American Consumers Overvalue U.S. Produced Apparel, MU Study Finds

COLUMBIA, Mo. ­— October 30, 2012 — In today’s globalized economy, a large percentage of apparel
products are multinational products as raw materials are produced, transported and assembled in
different countries. However, consumers have little information about where and to what extent
their apparel is produced domestically or overseas. Now, University of Missouri researchers have
found that American consumers place a much higher value on apparel produced entirely in the U.S.
with U.S. raw materials as opposed to products produced partially or entirely overseas. The value
is so high, in fact, that MU experts worry it could be damaging to U.S. apparel manufacturing
businesses and the overall economy.

In a study published in Clothing and Textiles Research Journal, Jung Ha-Brookshire, an
assistant professor in the textile and apparel management department in the College of Human
Environmental Sciences at MU, surveyed American consumers to determine the value they place on
apparel produced in different countries. She showed participants a cotton shirt, told them it was
made in China, and said it sold for $40 in retail stores. She then showed them the same piece of
clothing and told them it was made in the U.S. with U.S. cotton. The study participants valued the
U.S. cotton shirt at $57, which is more than 42 percent higher than the same shirt produced in
China. Ha-Brookshire says this demonstrates a troubling trend for American consumers.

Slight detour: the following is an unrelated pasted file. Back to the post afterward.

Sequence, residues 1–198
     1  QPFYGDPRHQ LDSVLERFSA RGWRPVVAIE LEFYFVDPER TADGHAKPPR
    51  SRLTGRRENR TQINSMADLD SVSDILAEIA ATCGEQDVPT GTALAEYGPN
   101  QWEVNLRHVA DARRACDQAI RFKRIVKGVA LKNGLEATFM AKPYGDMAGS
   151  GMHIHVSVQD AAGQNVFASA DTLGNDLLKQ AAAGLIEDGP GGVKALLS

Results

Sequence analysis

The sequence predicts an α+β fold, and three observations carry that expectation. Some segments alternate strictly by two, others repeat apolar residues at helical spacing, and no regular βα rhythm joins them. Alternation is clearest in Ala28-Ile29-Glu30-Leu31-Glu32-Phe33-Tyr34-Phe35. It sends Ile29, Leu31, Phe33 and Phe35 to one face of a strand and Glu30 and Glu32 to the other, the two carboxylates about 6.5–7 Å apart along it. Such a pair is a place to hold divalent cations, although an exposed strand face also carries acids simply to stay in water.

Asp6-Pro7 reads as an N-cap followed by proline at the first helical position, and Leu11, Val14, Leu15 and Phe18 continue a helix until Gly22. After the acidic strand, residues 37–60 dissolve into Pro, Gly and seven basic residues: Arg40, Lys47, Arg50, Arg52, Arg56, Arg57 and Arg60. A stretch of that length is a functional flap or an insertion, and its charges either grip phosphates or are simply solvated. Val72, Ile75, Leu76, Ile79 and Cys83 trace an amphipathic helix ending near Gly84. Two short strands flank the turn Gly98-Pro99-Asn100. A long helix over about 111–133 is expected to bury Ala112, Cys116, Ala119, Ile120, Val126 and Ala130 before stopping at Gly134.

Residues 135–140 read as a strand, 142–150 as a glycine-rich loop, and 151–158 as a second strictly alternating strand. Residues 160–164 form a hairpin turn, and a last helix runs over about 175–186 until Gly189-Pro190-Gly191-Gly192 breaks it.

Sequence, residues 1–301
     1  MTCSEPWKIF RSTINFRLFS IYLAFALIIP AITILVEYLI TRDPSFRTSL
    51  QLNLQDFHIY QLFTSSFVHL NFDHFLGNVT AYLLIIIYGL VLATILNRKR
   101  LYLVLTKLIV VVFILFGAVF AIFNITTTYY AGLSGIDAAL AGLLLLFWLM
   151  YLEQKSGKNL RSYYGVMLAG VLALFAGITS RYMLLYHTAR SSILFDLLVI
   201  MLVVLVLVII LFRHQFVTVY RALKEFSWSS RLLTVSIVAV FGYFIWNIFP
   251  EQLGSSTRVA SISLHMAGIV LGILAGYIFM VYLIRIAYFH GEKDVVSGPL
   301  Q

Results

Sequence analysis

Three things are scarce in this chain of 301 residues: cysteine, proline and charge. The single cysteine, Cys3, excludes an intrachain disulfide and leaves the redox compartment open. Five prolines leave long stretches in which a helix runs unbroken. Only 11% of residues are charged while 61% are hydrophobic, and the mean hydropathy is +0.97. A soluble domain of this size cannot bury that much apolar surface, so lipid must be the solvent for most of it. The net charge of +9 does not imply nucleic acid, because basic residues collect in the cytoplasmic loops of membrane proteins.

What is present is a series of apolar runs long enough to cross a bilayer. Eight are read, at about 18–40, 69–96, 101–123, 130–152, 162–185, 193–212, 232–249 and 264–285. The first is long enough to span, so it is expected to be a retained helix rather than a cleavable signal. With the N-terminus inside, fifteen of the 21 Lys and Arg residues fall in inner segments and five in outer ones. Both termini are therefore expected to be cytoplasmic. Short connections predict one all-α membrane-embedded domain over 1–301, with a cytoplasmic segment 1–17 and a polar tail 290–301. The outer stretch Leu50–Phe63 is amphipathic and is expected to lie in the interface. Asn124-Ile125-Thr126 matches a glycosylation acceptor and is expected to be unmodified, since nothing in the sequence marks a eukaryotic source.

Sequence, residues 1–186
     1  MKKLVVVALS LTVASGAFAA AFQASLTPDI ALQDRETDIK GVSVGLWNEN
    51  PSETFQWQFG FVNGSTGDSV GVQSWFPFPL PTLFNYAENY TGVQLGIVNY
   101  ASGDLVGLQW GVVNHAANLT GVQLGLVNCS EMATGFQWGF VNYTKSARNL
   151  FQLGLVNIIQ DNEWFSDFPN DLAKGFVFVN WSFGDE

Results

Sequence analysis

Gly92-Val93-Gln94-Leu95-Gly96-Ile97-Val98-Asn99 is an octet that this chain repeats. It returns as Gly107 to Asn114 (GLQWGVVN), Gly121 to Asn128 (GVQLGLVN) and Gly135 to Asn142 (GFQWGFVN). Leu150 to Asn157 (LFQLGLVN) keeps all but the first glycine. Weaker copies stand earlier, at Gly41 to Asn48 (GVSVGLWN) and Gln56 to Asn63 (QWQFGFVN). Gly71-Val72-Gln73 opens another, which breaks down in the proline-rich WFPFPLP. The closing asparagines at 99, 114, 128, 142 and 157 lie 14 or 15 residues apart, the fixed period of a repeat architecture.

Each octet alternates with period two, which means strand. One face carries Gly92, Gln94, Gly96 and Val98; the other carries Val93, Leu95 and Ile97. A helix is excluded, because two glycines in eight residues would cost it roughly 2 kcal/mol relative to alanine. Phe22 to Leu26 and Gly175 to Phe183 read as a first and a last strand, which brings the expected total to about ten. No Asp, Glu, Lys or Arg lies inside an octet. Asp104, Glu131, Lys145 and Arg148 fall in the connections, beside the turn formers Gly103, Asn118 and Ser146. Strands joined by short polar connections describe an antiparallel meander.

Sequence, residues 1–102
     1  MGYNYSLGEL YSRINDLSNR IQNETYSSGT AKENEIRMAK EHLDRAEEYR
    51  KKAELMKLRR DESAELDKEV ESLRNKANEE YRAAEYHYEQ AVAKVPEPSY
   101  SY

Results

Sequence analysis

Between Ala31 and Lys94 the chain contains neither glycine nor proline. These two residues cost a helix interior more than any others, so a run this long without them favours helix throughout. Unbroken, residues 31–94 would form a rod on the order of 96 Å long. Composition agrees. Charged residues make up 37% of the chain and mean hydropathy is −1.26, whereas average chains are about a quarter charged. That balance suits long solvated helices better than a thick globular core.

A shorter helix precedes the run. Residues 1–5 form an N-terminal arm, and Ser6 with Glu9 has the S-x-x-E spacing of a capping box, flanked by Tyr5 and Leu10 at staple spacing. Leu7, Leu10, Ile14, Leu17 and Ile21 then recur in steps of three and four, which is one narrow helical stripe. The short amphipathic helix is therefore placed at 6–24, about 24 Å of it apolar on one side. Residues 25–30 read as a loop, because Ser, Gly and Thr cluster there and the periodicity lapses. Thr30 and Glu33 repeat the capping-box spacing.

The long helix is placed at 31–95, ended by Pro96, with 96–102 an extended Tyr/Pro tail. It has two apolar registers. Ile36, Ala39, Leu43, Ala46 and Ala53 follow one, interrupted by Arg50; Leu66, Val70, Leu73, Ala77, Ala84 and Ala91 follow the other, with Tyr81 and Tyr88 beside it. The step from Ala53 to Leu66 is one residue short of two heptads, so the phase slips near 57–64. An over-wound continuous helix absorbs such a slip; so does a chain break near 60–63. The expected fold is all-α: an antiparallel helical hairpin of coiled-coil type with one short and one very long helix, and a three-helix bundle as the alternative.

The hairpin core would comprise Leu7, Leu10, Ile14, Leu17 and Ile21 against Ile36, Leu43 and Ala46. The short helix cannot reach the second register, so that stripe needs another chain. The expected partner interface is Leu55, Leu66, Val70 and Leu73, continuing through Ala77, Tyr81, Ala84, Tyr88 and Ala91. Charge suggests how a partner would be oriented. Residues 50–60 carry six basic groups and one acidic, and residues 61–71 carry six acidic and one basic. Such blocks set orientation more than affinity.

“Americans tend to severely overvalue apparel produced entirely in the U.S.,” Ha-Brookshire
said. “This is concerning because if Americans place higher values on these U.S. products, they
perceive those products to be too expensive and are less likely to buy them, opting instead to buy
similar Chinese-made products perceived to be more in their price range. To help U.S. apparel
businesses create and maintain domestic jobs, American consumers need to have a realistic
understanding of the value of apparel made in the U.S.”

One positive finding in Ha-Brookshire’s study was that American consumers do value apparel
made with U.S.-grown cotton, even if the finished goods are manufactured overseas. When she showed
the survey participants the same cotton shirt and told them it was made in China from U.S. cotton,
participants valued the shirt at $47, or 17 percent higher than a shirt with only a “Made in China”
label. Ha-Brookshire says this increased value is not large enough to be prohibitive for consumers.

“U.S. cotton growers can utilize these findings by better indicating what apparel is
manufactured from their cotton,” Ha-Brookshire said. “Currently, retailers are only required to
indicate where the apparel was manufactured or sewn, but if consumers could see that apparel
produced in China was made with U.S. cotton, they would probably be more likely to purchase it.”

Ha-Brookshire also will present her research in November at the Textile Product Labeling
Summit at the University of Missouri. The summit will consist of discussions among national policy
makers, researchers, consumer advocates and industry leaders about important topics regarding
current textile product labeling practices and regulations. For more information about the summit,

Posted on November 6, 2012

Source: University of Missouri